A series of polls in key states by NPR and its partners finds that more than half of adults in the U.S. believe the Affordable Care Act has either helped the people of their state or has had no effect. Those sentiments are common despite all the political wrangling that continues over the law.
About a third (35 percent) of adults say the law has directly helped the people of their state, while a quarter (27 percent) say it has directly hurt people.
Results for the individual states:
“The proportion of U.S. adults who believe the law helped people in their state about equals the proportion who believe it hurt them,” says Robert J. Blendon, Richard L. Menschel Professor of Health Policy and Political Analysis at Harvard T.H. Chan School of Public Health. “On the other hand, on a personal level, most Americans do not believe the law directly affected them.”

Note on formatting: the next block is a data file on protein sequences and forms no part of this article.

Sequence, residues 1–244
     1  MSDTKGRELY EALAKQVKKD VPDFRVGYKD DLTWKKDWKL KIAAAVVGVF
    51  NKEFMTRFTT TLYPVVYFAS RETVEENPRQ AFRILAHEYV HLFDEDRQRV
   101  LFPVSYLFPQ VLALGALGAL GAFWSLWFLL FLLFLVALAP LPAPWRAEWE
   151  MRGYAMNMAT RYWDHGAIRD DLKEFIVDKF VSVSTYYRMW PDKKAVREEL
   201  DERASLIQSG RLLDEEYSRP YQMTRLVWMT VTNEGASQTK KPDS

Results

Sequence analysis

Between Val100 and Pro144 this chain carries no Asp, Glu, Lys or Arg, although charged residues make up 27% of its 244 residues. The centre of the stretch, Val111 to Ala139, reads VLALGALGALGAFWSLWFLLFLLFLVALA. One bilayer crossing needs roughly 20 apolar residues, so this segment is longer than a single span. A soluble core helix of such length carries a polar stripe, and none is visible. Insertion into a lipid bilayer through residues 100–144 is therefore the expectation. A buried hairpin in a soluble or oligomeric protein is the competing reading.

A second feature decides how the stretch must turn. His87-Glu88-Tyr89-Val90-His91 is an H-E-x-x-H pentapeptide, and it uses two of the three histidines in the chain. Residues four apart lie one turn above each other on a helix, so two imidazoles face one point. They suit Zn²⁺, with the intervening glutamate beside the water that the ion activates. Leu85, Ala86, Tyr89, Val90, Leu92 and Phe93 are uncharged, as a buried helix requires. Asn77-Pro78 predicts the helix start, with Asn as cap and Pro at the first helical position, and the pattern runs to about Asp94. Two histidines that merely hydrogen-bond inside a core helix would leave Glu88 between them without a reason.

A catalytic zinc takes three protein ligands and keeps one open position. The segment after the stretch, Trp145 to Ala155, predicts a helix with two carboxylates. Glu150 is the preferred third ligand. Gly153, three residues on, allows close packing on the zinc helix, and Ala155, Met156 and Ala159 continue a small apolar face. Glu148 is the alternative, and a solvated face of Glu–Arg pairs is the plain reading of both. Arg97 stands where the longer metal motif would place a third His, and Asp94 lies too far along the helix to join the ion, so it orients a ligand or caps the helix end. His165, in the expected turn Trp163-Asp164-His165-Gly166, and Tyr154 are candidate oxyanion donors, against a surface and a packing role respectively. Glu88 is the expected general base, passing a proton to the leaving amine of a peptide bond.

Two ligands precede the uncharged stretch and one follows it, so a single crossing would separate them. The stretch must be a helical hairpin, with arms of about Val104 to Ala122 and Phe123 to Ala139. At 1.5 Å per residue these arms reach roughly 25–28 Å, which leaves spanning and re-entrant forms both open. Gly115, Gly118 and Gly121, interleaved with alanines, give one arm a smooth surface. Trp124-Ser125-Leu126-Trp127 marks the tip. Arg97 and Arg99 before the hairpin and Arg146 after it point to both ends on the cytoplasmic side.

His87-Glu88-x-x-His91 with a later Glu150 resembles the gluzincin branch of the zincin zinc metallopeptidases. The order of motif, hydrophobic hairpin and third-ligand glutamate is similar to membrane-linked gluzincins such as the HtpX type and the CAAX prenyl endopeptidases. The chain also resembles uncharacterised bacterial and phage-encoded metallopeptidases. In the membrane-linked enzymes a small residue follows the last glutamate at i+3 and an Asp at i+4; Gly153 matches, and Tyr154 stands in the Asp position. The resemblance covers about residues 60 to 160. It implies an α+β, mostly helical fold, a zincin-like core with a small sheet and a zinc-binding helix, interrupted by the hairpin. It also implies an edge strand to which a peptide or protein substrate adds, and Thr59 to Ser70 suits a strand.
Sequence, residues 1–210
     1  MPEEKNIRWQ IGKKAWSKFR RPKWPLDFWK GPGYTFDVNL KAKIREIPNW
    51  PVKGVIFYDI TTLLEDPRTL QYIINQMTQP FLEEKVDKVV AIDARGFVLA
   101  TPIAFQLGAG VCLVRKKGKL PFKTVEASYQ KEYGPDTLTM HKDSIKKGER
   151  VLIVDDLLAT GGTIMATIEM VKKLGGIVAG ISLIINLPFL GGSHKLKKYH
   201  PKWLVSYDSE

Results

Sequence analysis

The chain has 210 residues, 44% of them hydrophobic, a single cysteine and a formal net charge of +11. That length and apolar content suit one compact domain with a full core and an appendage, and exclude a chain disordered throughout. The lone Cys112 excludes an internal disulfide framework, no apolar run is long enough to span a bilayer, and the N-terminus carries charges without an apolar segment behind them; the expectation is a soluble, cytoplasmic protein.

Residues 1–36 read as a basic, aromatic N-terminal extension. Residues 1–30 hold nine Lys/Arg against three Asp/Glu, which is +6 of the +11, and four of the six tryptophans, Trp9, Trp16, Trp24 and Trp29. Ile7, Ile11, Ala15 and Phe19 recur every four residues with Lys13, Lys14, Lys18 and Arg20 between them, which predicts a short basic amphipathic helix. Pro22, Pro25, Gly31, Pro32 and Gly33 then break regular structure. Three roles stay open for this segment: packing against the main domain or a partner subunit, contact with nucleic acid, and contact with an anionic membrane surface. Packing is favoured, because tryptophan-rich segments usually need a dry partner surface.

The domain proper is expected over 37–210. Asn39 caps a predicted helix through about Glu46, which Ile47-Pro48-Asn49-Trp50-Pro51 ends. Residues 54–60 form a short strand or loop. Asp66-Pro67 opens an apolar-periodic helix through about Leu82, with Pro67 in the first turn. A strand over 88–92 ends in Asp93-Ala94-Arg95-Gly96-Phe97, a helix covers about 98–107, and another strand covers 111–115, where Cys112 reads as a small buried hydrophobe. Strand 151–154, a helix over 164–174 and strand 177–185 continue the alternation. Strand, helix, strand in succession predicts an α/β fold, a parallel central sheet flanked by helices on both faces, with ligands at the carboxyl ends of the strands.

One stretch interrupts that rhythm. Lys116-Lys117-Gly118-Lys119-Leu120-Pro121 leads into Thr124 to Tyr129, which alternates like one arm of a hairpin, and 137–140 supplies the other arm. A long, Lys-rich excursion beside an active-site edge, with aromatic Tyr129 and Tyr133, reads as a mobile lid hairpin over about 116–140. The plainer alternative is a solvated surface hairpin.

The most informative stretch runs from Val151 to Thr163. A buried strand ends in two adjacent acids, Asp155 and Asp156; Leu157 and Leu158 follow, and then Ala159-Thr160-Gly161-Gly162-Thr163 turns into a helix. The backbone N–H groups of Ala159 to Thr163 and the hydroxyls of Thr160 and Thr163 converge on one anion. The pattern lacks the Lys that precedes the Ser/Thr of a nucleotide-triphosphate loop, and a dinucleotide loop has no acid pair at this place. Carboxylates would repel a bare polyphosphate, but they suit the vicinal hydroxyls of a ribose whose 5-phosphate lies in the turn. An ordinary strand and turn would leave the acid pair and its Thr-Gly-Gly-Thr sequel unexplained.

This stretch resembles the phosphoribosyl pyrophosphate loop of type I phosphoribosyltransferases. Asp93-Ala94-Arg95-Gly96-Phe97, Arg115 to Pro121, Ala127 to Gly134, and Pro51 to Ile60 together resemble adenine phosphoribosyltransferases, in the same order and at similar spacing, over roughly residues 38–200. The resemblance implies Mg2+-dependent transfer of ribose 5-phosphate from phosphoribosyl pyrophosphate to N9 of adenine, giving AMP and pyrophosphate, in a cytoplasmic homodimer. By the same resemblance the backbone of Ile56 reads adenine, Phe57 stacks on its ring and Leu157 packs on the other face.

The polls conducted by NPR, the Robert Wood Johnson Foundation and the Harvard Chan School are part of an in-depth study to assess the changing health care landscape in the two years since the Affordable Care Act took effect.
In seven separate state polls, approximately 1,000 people were surveyed in Florida, Kansas, New Jersey, Ohio, Oregon, Texas and Wisconsin. A nationally representative survey of 1,002 people was also done, asking the same questions. People were contacted by telephone (cellphone and landline) from Sept. 8 to Nov. 9, 2015.
We wanted to find out more about what is going on in these states when it comes to health care — and we asked people about their personal experiences.
We sought to find out what, if anything, has changed in how people get health care and what the quality of that care currently is. How big of an impact are cost increases having? Are there more or fewer barriers to care in the wake of the
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